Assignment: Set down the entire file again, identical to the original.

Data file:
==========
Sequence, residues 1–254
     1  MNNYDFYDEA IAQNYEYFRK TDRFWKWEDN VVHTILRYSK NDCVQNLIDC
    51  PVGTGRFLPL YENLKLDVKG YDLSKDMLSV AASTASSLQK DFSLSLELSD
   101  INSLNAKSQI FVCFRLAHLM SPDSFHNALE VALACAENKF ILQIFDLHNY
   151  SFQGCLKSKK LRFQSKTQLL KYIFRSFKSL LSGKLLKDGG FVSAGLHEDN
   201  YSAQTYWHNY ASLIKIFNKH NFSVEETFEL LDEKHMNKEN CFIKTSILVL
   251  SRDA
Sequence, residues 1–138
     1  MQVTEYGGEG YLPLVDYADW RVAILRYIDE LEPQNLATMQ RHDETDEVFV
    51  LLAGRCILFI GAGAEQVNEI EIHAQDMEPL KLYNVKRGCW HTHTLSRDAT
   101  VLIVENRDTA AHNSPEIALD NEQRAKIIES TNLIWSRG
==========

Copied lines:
Sequence, residues 1–254
     1  MNNYDFYDEA IAQNYEYFRK TDRFWKWEDN VVHTILRYSK NDCVQNLIDC
    51  PVGTGRFLPL YENLKLDVKG YDLSKDMLSV AASTASSLQK DFSLSLELSD
   101  INSLNAKSQI FVCFRLAHLM SPDSFHNALE VALACAENKF ILQIFDLHNY
   151  SFQGCLKSKK LRFQSKTQLL KYIFRSFKSL LSGKLLKDGG FVSAGLHEDN
   201  YSAQTYWHNY ASLIKIFNKH NFSVEETFEL LDEKHMNKEN CFIKTSILVL
   251  SRDA
Sequence, residues 1–138
     1  MQVTEYGGEG YLPLVDYADW RVAILRYIDE LEPQNLATMQ RHDETDEVFV
    51  LLAGRCILFI GAGAEQVNEI EIHAQDMEPL KLYNVKRGCW HTHTLSRDAT
   101  VLIVENRDTA AHNSPEIALD NEQRAKIIES TNLIWSRG